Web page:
|The development of the Periodic Table (pre-16)|
Could the original formulation of the Periodic Table be regarded as British? Just four years before Mendeleev announced his Periodic Table, John Alexander Reina Newlands wrote in Chemical News
Surely this was a prediction of patterns in the properties of the elements and described a Periodic Table?
Newlands thought that patterns were connected with the relative weights of atoms (we would now call them relative atomic masses – they were then called atomic weights) of different elements. Fortunately, in 1860 there had been a conference in Karlsruhe (Germany) which had made a more accurate list of these atomic weights than had previously been available. Not only had some values been slightly wrong through inaccurate measurements but some were half or a third of the correct value through false reasoning. See Problems with relative atomic masses.
One difficulty was that only about 60 elements were known then (there are over 100 now), although fortunately most of the undiscovered ones were of higher relative atomic mass. Newlands listed those known in order of their atomic weight putting their position in this sequence alongside the symbol. He did not give a name to this position number. A copy of his table is shown below using the symbols Newlands used.
The pattern was perfect up to calcium then became less convincing as some metals appeared unlike the non-metals to their left. However a further seven elements later there was a greater similarity. Then Newlands was forced to sometimes put two elements in the same box so that after this similar elements would be in the same horizontal line. Di stood for didymium, which we now know is not an element at all but a mixture of two elements.
Note that Newlands did not always stick to a strict increase in number. He exchanged the positions of Zn and Y, presumably because he realised that Y resembled Bo (modern symbol B). The modern Periodic Table does not always show an increase in relative atomic masses for successive elements but it is a less common occurrence than in Newlands’ table.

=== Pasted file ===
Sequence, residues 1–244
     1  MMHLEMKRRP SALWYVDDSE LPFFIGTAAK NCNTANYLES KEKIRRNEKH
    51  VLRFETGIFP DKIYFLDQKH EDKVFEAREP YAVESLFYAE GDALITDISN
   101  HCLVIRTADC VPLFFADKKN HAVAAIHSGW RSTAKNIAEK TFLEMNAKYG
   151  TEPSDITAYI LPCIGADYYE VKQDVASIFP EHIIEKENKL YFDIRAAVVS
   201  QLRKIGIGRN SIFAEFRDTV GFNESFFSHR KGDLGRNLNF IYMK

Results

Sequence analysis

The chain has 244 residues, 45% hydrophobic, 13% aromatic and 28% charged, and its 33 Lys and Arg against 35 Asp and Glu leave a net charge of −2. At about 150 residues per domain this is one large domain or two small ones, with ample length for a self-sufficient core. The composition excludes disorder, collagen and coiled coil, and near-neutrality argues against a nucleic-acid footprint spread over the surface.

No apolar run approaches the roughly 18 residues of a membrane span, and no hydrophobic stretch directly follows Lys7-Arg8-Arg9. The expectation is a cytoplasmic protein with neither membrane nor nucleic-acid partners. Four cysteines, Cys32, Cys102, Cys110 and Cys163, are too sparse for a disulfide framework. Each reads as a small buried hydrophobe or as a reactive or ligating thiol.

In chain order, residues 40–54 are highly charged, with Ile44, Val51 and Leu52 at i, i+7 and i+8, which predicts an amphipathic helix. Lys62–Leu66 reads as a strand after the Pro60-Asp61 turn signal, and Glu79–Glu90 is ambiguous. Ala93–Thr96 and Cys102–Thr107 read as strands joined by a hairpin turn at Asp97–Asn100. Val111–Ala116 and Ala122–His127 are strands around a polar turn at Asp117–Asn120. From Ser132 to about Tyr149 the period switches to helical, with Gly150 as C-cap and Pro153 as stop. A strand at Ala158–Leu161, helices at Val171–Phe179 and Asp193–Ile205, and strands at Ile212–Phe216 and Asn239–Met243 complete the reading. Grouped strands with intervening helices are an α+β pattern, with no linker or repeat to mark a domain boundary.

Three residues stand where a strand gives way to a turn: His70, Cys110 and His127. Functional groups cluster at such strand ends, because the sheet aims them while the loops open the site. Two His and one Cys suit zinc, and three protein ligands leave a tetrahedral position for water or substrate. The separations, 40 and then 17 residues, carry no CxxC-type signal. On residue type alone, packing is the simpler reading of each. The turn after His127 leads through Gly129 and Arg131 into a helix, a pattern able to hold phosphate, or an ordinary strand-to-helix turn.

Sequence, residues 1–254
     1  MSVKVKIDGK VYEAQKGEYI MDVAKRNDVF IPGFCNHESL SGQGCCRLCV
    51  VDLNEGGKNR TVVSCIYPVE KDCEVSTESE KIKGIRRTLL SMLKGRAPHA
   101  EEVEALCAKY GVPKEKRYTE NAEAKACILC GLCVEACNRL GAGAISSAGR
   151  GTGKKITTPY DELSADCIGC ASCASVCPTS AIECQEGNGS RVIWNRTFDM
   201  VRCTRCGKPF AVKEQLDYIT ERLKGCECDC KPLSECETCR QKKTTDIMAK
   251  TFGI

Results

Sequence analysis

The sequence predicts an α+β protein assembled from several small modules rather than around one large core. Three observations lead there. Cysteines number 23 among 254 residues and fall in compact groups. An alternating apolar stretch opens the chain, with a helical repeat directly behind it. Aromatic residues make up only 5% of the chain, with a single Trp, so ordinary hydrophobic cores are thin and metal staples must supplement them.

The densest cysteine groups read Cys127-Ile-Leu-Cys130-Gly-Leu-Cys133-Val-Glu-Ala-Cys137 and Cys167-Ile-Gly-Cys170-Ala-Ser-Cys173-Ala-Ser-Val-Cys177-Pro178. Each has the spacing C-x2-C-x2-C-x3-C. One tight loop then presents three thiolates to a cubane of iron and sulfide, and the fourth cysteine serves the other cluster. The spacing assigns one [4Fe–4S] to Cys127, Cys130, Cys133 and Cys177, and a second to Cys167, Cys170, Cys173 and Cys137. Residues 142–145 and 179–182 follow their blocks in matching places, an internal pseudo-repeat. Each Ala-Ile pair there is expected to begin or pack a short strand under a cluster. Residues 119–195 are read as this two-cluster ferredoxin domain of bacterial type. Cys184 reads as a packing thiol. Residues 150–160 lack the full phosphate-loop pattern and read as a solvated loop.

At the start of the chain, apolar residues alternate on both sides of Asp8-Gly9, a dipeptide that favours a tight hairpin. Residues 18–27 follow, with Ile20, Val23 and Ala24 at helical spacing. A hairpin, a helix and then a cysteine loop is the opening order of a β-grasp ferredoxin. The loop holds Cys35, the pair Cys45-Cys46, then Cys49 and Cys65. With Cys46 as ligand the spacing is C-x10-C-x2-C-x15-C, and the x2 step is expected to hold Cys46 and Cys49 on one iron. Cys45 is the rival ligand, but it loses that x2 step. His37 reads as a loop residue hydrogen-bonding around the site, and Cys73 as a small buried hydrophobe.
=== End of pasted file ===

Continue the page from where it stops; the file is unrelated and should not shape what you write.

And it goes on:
On 1st March 1865, he described his ideas at a lecture at the Chemical Society (a forerunner of the Royal Society of Chemistry). The lack of spaces for undiscovered elements and the placing of two elements in one box were justifiably criticised but an unfair suggestion from Professor Foster was that he might have equally well listed the elements alphabetically. Foster was on the Publication Committee which refused to publish his paper, supposedly because it was of a purely theoretical nature. Humiliated, Newlands went back to his work as chief chemist at a sugar factory.
Four years later Mendeleev, unaware of Newlands' ideas, formulated an improved Periodic Table which gained acceptance, particularly because he left spaces for undiscovered elements, some of which were soon found with properties he predicted. As the Periodic Table became accepted, Newlands, understandably, claimed its first publication. However the Chemical Society did not back his claims. Indeed the final years of his working life were spent running a family chemical business with his brother.
The Chemical Society made some amends for discrediting him by asking him in 1884 to give a lecture on the Periodic Law. However its full recognition of his discovery waited until 1998, the centenary of his death, when the Royal Society of Chemistry oversaw the placing of a blue commemorative plaque on the wall of his birthplace. Note its inscription.
Reproduced courtesy of Gordon Woods